For instance, he had the right idea in trying to shake up the government’s stagnant bureaucracy. But instead of taking on a single group of bureaucrats in a winnable battle — as Mr. Koizumi did when he pushed through a bill privatizing the postal system in 2005 — Mr. Abe tried to change the broader fundamental laws governing federal agencies. The bureaucrats and their supporters in the Parliament turned on him, and he was stuck in a fight he couldn’t win. Very K. Y.
The biggest example of his weakness, however, came when the government lost the pension records of 50 million workers. In most countries, this would have caused a riot, if not a revolution. Although concerns over possible missing records spread among the public late last year, Mr. Abe did not act until the spring.
Many in the public felt he delayed because the government bureaucrats and business executives closest to him probably didn’t know anyone who was affected by the mismanagement of the records. Possibly, but again I think his failure stemmed not from his insulation but from his crippling Kuuki ga Yomenai.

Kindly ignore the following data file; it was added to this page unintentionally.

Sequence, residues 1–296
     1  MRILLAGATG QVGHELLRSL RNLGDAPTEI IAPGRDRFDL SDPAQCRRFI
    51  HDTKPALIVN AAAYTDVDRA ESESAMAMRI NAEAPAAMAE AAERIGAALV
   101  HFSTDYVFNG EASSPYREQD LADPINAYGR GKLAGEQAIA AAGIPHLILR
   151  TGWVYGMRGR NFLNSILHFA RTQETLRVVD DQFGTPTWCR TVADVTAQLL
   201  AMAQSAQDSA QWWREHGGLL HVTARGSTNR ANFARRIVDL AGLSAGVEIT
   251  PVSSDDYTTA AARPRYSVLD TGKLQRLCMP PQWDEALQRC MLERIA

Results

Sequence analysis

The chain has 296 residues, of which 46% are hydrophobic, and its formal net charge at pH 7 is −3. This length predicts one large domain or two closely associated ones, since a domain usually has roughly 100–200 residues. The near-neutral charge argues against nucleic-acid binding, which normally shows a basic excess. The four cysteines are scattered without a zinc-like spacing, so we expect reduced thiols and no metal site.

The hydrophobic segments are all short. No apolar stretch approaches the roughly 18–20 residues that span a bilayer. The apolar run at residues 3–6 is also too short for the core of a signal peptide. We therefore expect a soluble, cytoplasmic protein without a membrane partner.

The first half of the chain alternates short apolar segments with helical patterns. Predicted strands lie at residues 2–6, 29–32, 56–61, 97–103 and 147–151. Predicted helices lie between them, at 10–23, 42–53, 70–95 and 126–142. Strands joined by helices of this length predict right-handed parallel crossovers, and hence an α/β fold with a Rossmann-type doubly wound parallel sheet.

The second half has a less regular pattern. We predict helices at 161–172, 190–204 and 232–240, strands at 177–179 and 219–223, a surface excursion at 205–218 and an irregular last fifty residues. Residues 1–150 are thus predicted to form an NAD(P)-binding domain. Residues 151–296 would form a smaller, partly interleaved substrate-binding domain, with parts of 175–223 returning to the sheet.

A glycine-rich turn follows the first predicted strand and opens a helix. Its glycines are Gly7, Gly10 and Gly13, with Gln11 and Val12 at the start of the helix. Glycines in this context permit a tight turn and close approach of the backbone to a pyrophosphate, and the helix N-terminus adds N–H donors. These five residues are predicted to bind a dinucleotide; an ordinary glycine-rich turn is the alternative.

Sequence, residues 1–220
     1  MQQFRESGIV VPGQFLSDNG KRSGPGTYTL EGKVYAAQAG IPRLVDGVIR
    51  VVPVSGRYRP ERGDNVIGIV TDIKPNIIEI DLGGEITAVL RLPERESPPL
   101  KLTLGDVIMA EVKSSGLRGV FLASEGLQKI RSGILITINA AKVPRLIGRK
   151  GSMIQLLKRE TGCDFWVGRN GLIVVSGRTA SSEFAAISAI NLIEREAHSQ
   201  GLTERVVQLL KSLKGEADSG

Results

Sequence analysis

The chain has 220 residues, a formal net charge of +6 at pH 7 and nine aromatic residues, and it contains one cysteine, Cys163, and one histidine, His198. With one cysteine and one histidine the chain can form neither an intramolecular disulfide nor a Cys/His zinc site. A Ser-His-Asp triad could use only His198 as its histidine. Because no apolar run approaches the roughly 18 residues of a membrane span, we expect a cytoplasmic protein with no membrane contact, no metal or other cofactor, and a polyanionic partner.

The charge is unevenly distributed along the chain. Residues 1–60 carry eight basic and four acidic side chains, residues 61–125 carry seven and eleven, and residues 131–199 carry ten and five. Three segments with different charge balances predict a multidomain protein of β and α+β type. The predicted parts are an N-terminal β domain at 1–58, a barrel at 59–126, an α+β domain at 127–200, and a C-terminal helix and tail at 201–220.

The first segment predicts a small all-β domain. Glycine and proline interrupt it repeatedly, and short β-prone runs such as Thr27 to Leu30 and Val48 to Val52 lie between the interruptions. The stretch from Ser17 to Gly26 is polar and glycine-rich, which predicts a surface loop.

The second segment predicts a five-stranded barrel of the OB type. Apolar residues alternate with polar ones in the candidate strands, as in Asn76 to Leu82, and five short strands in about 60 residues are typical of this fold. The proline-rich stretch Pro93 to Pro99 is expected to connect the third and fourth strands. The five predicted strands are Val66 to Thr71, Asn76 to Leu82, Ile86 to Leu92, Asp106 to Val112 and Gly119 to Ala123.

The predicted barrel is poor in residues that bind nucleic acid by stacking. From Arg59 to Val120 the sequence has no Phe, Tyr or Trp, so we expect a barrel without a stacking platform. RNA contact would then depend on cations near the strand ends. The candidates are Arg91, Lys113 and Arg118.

These sorts of misjudgments, combined with the string of scandals resulted in the resignation of several cabinet members and the suicide of another, were what most pundits feel caused the Liberal Democrats’ disastrous showing at the polls in July. To some extent that is true. But another huge factor that went to alienating voters was concerns over what the government and news media like to call Japan’s current economic “recovery.”
The problem is that most Japanese know that the so-called recovery is fueled by exports to China, particularly construction materials and energy. The steel, cement and coal companies are prospering. Chinese money is filling the coffers of the industries that have fueled the political system since World War II and were a big part of the bubble collapse that has left the economy stagnant for more than a decade.